If you visit India you’ll find that most everyday breads are made with wholemeal flour. Wheat has been cultivated in the sub-continent for about 8,000 years and today’s Indian wheat flour is of a very high quality.
In the UK in Asian groceries, it’s possible to buy chapati flour, which has a comparably fine texture, but, if you can’t find this, you can use an equal mix of white and wholemeal plain flour.
- Chapati Flour or half and half white and wholemeal
- Salt (isn’t used in traditional chapatis but you may like to add a little to taste)
Knead the dough again and divide into walnut-sized balls. About 4 oz flour will give you 6 balls.
Pre-heat a griddle or thick-based frying pan. Work with 1 ball at a time, keeping the others covered. Roll out the ball to make a circle about 5” diameter. Pat it to remove excess flour then place it on the griddle. Cook, flipping it over a few times, for about 40 seconds.
To make it puff up, take a piece of kitchen towel and screw it up. Using the screwed-up ball, for the last 10 seconds or so of cooking, press down all over on the chapatti surface in quick succession.
Alternatively, finish cooking the chapatti and then zap in the microwave until puffed up. When cooked wrap in a tea-towel, under a plate, to keep warm. Chapatis are best eaten as soon as possible. Spread with a little butter if desired. Chapatis may be used in place of cutlery. Tear pieces off and use to wrap around or scoop up the food.
Naans are traditionally baked in a tandoor (clay oven). The flattened piece of dough is slapped onto the side of the oven and cooks at a very high temperature. As most of us don’t have tandoors at home we have to adapt what we do have.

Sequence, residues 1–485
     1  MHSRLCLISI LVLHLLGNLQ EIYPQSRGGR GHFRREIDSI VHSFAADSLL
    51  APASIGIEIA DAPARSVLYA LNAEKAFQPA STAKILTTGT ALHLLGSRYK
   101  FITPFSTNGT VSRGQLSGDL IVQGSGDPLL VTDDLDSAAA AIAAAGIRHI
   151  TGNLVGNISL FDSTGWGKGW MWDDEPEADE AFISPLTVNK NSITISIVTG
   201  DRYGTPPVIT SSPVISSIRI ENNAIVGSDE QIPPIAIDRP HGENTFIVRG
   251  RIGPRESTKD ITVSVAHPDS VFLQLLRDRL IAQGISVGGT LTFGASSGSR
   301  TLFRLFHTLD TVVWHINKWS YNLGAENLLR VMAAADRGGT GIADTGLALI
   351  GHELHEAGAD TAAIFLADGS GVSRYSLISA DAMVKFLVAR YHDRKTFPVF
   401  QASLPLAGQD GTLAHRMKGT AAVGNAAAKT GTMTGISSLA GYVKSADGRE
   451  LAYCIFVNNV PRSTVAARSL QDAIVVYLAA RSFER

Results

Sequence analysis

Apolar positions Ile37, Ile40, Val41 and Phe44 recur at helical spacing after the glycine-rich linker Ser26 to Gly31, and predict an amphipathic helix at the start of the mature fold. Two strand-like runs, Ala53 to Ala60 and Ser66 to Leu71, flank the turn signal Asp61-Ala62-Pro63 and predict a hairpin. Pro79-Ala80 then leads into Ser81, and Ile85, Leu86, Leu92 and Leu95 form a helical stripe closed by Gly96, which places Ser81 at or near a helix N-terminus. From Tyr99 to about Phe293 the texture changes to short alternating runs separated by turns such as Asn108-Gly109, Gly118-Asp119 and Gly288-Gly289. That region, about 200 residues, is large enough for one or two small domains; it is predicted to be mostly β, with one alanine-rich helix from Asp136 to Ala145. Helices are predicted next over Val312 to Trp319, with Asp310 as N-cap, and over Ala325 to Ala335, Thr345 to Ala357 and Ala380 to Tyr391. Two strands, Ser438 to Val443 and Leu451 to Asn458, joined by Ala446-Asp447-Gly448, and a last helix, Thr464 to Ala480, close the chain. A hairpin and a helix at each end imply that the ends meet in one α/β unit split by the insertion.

Naan (leavened bread)
- 1 packet quick acting yeast
- 1 cup hand-hot water
- ¼ cup caster sugar
- 3 tablespoons milk
- 1 egg, beaten
- 2 teaspoons salt
- 1 lb 2 oz plain white bread flour
- Butter, melted
Place dough back in the bowl, cover and leave in w arm spot until doubled in size. This could take 1 hour or more, depending on the temperature.
Turn the dough out again onto a floured surface and knead thoroughly. Break the dough into pieces (handfuls) and roll into balls. Place on a well-oiled baking tray, flatten slightly, cover and leave to rise again.
When the balls have doubled in size, it’s time to cook them. Melt some butter and dip your palms in it. Dip the bottom of the naan in flour, then press down to flatten and enlarge it, shaping it as you do so into the traditional tear shape. Pre-heat the grill and a heavy-based frying pan.
When you have the naan the shape you want, dab some more melted butter all over it before placing in the frying pan. Cook for 1 – 2 minutes. Dab some more butter over the naan then place under the grill for a few more minutes.
Wrap in a tea-towel to keep warm. The naans can be stored, wrapped in foil in the fridge. Reheat in the oven, 190oC, gas mark 5, for 15 minutes.